Micron (NASDAQ:MU) stock still has room to move up as the turnaround in the memory business takes hold. MU stock has risen 67% so far this year and almost 24% since the end of Q3. But I suspect that Micron stock has a good deal further to go.
For example, on December 18, 2019, Micron reported that it had booked its second sequential quarter of higher revenue. Its latest quarter to November 28, 2019, showed revenue up 5.5% to $5.14 billion.
This is after the prior quarter revenue had been up 1.7%. So the slow turnaround is starting to gain a bit of steam.
More importantly, free cash flow (“FCF”) for the three months was finally positive. Micron booked FCF of $68 million in its fiscal Q1 2020. That is a start. And it bodes well for the company’s finances.
Outlook Looks Better for Micron Stock
Granted, this performance is not very good on a year-over-year basis. For example, revenue was still down 35% from its November quarter (Q1 2019) last year. And free cash flow was down dramatically from $2.11 billion in a year-ago quarter.
But the quarter-over-quarter gains show promise that Micron’s memory business has finally reached an inflection point. Micron’s CEO said he expected the next quarter would be the “cyclical bottom” for financial performance.
If that is the case, here is what MU stock investors can look forward to, based on past performance. For example, less than two years ago, MU booked revenue of $7.35 billion in the quarter ending March 1, 2019. During that quarter MU produced FCF of $2.087 billion.
That represents an FCF margin of 28.4%. This is significantly higher than this quarter’s FCF margin of 1.3%. So when the turnaround happens, MU will start producing significant amounts of cash flow and cash.
Meanwhile, Micron has plenty of net cash, $2.7 billion, and $11 billion in available liquidity, to weather more difficulties.
Memory Demand and Prices Bottoming
Now that the Trump Administration has signed a limited new China trade deal, it is possible that Chinese buyers for DRAM and NAND memory products will increase. The second round of tariffs in June 2018 hit these kinds of chips.
A number of Chinese companies had stocked up on memory chips in anticipation of the tariffs. After they stopped buying during the period of peak tariffs, Micron’s business deteriorated significantly. For example, Micron’s revenue peaked in the quarter ending August 31, 2018.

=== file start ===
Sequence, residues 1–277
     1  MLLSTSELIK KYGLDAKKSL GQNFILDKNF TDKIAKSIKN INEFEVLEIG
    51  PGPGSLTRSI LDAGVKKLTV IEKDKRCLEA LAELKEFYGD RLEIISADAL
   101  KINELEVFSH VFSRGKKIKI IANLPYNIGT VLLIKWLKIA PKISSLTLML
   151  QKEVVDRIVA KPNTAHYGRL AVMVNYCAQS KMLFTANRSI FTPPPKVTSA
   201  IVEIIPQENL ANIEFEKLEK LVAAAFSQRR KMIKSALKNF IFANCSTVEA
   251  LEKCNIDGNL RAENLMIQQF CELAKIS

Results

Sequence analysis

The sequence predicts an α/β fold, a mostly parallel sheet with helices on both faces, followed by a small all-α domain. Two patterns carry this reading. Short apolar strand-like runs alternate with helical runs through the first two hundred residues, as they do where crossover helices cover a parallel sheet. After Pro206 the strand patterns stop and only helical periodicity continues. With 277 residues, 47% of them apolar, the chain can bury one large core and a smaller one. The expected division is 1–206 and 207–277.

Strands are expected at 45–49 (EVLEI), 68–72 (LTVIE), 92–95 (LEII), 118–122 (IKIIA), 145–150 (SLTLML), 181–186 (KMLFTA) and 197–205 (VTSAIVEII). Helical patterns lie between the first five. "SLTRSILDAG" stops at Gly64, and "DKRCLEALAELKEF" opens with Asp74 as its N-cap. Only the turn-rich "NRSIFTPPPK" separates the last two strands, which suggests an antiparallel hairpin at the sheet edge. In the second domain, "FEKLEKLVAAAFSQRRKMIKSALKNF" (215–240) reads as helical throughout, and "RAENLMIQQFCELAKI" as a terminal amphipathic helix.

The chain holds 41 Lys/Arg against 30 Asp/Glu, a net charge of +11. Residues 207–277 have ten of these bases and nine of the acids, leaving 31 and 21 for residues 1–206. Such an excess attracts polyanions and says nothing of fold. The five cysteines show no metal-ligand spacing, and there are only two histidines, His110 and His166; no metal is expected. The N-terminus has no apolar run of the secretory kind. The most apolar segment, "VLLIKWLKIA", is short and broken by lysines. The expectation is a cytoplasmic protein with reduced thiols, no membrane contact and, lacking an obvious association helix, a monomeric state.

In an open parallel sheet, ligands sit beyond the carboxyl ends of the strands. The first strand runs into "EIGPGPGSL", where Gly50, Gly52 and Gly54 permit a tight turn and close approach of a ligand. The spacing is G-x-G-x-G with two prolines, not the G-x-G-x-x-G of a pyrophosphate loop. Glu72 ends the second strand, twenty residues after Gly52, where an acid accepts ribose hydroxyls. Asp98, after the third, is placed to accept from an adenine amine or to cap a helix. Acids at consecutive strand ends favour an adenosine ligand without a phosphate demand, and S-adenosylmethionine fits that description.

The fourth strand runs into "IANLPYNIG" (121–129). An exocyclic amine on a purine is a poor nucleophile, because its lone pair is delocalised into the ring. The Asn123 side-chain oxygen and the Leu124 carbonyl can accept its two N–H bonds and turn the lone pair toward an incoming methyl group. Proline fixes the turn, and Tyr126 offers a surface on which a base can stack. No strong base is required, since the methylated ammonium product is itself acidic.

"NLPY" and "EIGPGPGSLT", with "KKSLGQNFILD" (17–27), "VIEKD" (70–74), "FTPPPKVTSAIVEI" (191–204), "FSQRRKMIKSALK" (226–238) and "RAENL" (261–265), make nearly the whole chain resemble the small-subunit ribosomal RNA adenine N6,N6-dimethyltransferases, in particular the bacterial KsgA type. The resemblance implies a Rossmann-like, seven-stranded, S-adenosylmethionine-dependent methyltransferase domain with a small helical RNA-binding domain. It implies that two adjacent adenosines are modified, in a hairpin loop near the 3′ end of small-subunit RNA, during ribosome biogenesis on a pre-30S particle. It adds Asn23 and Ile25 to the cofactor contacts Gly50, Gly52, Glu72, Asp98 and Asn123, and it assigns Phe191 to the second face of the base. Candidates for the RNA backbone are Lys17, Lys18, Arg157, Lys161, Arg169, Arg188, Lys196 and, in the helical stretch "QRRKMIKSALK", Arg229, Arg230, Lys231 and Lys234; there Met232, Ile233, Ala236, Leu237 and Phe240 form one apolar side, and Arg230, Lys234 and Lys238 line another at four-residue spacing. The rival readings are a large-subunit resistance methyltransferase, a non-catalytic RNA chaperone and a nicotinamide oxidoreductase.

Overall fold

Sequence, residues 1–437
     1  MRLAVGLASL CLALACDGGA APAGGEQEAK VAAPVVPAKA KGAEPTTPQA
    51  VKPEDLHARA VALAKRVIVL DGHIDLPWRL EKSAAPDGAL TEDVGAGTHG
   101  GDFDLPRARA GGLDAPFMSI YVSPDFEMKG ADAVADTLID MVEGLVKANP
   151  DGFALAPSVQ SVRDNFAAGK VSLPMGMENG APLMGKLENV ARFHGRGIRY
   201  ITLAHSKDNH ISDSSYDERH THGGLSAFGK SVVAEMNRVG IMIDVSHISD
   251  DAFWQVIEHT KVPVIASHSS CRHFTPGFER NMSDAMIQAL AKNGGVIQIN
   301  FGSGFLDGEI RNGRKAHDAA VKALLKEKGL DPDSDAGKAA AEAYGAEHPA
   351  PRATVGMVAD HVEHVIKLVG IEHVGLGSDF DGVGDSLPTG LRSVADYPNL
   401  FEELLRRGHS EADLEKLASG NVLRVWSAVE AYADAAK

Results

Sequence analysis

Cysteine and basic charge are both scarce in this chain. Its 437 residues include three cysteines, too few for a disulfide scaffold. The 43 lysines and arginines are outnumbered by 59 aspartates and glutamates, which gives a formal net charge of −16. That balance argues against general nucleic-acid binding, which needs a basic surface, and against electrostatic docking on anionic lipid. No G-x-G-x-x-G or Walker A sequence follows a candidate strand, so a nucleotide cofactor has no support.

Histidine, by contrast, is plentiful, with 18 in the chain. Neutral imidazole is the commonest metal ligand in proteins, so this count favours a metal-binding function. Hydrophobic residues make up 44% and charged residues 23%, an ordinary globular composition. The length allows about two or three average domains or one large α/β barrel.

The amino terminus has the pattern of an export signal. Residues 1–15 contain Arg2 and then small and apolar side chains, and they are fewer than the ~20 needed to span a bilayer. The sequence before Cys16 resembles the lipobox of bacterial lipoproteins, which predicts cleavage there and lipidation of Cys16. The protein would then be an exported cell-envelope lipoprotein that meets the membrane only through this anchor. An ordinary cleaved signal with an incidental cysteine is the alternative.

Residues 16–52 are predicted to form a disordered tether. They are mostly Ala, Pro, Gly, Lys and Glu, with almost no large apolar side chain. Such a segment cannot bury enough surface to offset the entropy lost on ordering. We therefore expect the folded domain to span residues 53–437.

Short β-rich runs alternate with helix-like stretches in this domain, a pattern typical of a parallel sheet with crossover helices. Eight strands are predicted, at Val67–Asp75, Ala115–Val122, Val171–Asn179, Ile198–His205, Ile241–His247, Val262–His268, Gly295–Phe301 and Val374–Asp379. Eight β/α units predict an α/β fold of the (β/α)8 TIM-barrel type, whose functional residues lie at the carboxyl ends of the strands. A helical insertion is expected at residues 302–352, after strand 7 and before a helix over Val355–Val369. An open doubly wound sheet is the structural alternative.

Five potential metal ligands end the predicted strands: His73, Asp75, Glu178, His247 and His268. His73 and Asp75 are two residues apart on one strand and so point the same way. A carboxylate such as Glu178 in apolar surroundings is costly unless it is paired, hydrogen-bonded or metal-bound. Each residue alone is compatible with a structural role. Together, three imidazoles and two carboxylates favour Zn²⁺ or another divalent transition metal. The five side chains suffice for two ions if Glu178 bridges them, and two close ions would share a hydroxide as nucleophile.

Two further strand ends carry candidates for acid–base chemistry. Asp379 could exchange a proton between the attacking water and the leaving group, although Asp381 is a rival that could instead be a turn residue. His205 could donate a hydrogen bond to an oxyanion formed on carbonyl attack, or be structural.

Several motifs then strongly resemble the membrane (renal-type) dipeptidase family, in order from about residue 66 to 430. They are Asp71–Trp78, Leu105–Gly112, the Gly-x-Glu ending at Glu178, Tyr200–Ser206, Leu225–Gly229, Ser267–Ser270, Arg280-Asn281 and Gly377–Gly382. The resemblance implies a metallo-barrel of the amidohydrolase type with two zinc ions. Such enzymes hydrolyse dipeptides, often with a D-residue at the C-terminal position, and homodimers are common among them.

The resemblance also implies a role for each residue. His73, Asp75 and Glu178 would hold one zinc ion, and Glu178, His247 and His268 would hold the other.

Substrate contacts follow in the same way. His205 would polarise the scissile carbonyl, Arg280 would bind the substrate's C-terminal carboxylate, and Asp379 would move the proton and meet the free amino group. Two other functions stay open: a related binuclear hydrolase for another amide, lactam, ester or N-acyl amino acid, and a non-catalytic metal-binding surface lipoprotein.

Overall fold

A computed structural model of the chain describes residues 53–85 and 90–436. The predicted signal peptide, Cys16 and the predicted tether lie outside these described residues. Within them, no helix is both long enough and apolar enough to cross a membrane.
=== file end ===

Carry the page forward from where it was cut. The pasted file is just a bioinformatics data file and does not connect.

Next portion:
But now that tensions have reduced somewhat between the two countries, these buyers might begin normal inventory accumulation and purchasing of memory chips. This will be how the turnaround begins to normalize.
Micron’s presentation on Dec. 18 indicated that demand for its products was in line with and slightly lower than expected industry growth.
However, Micron has guided that revenue for its fiscal Q2 ending February will be slightly lower than this past quarter. They projected that revenue would be between $4.5 billion and $4.8 billion. This will be a disappointment after the $5.14 billion booked this quarter.
What Should Investors Do?
Micron’s revenue and earnings will not return to prior levels until all the tariffs on memory chips are reduced. This may take some time, well into next year.
I suspect that Micron stock will bounce around a bit until then. But now is probably a good time to begin accumulating MU stock before the turnaround is completely apparent. By that time Micron stock will be significantly higher.
As of this writing, Mark Hake, CFA does not hold a position in any of the aforementioned securities. Mark Hake runs the Total Yield Value Guide which you can review here. The Guide focuses on high total yield value stocks. Subscribers a two-week free trial.